When asked which is the first African country to gain independence, there are lots of confusing answers you might get, but which is actually correct? While many people regard Ghana as the first African country to become independent from their British colonial master in 1957, Liberia considered herself independent in 1847 being founded by freed slaves.
Meanwhile, Ethiopia was never colonized by a European power, although there were several attempts to colonize the ancient territory. On the other hand, Egypt also claims to become independent as far back as 1922. With these conflicting histories, it became hard to decipher which was the first African country to gain independence. To properly answer this question, let’s go back in history a little bit.
Decolonization of Africa and Its Journey to Freedom
In the early modern age, the majority of African countries were colonized by European states, with a spike of colonization during the struggle for Africa from 1880 to 1900. However, independence movements during the next century helped to overturn this situation.
Africa was decolonized from the mid-to-late 1950s to 1975 during the cold war, with major upheaval throughout the continent as colonial authorities transitioned to sovereign states. The Algerian War in French Algeria, the Angolan War of Independence in Portuguese Angola, the Congo Crisis in Belgian Congo, the Mau Mau Uprising in British Kenya, and the Nigerian Civil War in the secessionist state of Biafra were all examples of violence, political turmoil, widespread unrest, and organized revolts in both northern and sub-Saharan Africa. Amidst this historical turmoil in Africa’s struggle for freedom, which country can we then point to as the first to become independent?
The First African Country to Become Independent and the Journey to Freedom
Without any long stories, the first African country to gain independence is Ghana. Why Ghana? You might ask. A lot of people might indeed be expecting to see either Egypt, Libya, or Ethiopia, but these countries were either not specifically colonized or became fully independent at a later date. Although the British occupied Egypt as far back as 1882, the Egyptian government, which was technically autonomous, continued to function. On the other hand, Ethiopia regards 1995 as their year of independence.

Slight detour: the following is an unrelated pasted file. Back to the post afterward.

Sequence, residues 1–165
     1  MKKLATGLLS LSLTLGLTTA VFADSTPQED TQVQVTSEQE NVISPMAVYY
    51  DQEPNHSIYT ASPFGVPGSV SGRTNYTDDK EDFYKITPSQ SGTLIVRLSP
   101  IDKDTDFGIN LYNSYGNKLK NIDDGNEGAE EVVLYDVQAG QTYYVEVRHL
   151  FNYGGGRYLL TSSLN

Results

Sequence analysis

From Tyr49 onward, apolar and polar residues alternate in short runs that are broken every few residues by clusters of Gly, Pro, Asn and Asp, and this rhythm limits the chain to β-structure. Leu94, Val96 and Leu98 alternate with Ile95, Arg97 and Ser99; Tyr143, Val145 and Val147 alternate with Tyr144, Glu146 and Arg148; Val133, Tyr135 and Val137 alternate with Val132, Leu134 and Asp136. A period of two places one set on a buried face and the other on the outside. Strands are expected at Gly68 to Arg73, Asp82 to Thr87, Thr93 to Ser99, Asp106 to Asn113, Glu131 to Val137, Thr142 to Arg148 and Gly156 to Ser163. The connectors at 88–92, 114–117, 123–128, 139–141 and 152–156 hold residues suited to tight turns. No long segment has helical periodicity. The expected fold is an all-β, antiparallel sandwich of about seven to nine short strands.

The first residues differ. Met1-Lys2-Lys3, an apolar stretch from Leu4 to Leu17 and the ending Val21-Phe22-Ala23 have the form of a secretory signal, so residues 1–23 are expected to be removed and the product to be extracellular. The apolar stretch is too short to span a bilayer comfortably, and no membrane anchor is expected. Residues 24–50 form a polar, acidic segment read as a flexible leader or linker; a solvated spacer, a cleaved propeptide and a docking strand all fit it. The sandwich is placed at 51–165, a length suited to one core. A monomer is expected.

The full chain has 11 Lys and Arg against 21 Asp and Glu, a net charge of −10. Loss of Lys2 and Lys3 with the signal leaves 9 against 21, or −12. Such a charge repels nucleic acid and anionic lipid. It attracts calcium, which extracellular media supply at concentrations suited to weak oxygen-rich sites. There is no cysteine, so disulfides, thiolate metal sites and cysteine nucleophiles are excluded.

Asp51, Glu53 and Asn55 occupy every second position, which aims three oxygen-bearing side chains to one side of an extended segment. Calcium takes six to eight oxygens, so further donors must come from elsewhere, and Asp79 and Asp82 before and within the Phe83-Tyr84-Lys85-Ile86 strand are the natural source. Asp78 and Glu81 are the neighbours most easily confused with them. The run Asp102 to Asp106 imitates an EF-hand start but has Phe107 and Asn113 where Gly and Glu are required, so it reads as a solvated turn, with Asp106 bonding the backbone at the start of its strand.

Ghana became the first independent sub-Saharan African country in 1957 after a white paper was submitted by Kwame Nkrumah who was the then leader of the country. Kwame Nkrumah, in the white paper, proposed the country’s independence in May 1956. Subsequently, in August 1956, the Gold Coast Assembly passed Kwame Nkrumah’s recommendation for independence from the Britain colonial master. However, the British would only relinquish power provided the decision was backed by a reasonable majority of the parliament.
This led to a general election in 1956 in which the Convention People’s Party (CPP) won 71 of the 104 seats in the Legislative Assembly. In keeping to their words, the Britain government, on March 6, 1957, handed over authority of the Gold Coast and Ashanti, the Northern Territories Protectorate, and British Togoland to Ghana.
The efforts of Nkrumah in 1956 to lead Ghana to freedom unarguably opened revolutionary doors for many other African countries. No fewer than 17 other African countries gained their independence between 1960 and 1970. The pan-Africanist has undoubtedly inspired Africa’s freedom and as such often regarded as “the Black Star” among other titles.